cancer cell

04/11/2014 - 09:34

The cancer protein KRas is a factor in the development of several types of cancer. Mutated KRas, for example, can be found in a large number of all tumour cells in patients with pancreatic cancer. It sits on the inner leaflet of the cell membrane and relays signals into the cell’s interior. Scientists at the Max Planck Institute of Molecular Physiology in Dortmund have now discovered why KRas is almost exclusively found at the cell membrane when observed under the microscope.

 

04/03/2014 - 12:35

Researchers at the University of California, San Diego School of Medicine have found that too little or too much of an enzyme called SRPK1 promotes cancer by disrupting a regulatory event critical for many fundamental cellular processes, including proliferation.

 

04/03/2014 - 07:25

A team of researchers from five Swedish universities, led by Karolinska Institutet and the Science for Life Laboratory, have identified a new way of treating cancer. The concept is presented in the journal  Nature  and is based on inhibiting a specific enzyme called MTH1, which cancer cells, unlike normal cells, require for survival. Without this enzyme, oxidized nucleotides are incorporated into DNA, resulting in lethal DNA double-strand breaks in cancer cells.

 

03/31/2014 - 13:41

Researchers at Karolinska Institutet have discovered that a substance called Vacquinol-1 makes cells from glioblastoma, the most aggressive type of brain tumor, literally explode. When mice were given the substance, which can be given in tablet form, tumor growth was reversed and survival was prolonged. The findings are published in the journal Cell.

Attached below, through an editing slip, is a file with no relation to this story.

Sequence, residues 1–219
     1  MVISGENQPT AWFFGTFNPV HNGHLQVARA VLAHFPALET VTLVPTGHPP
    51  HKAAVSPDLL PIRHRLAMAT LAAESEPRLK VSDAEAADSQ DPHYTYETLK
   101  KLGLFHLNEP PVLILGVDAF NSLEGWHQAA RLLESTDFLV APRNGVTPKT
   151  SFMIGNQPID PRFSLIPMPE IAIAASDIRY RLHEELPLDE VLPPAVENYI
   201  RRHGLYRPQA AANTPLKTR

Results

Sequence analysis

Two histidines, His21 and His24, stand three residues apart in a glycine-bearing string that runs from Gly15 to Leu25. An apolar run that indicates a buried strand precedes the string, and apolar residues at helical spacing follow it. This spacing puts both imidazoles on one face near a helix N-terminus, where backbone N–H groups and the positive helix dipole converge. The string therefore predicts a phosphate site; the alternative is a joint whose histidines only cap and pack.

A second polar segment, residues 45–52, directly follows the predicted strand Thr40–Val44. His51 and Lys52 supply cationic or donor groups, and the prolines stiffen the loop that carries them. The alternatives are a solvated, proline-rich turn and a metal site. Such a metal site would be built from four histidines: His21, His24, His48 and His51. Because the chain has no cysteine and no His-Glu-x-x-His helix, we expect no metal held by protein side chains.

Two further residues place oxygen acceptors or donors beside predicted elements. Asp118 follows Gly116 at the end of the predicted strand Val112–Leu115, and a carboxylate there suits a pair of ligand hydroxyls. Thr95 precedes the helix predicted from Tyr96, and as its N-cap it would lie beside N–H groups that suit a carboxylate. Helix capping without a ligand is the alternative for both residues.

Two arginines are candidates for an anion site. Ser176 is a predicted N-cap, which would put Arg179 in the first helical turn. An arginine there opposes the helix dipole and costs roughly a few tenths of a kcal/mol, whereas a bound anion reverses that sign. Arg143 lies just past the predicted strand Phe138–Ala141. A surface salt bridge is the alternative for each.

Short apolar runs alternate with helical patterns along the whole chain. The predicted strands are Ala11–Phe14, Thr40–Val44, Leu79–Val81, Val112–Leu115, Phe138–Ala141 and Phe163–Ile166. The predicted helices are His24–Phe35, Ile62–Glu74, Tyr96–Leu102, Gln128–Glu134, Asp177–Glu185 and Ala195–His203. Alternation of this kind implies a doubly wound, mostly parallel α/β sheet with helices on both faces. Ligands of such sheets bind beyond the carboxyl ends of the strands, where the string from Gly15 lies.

02/19/2014 - 06:11

In a study published in Nature Communications, researchers at Karolinska Institutet and Uppsala University in Sweden present a new drug candidate, which selectively kills dormant cells within a cancer tumor through starvation. These tumor cells, which are found in less oxygenated parts of solid tumors, are resistant to conventional treatments.

 

01/24/2014 - 07:49

In laboratory experiments conducted on human cell lines at the Johns Hopkins Kimmel Cancer Center, scientists have shown that people carrying certain mutations in two hereditary cancer genes, BRCA2 and PALB2, may have a higher than usual susceptibility to DNA damage caused by a byproduct of alcohol, called acetaldehyde.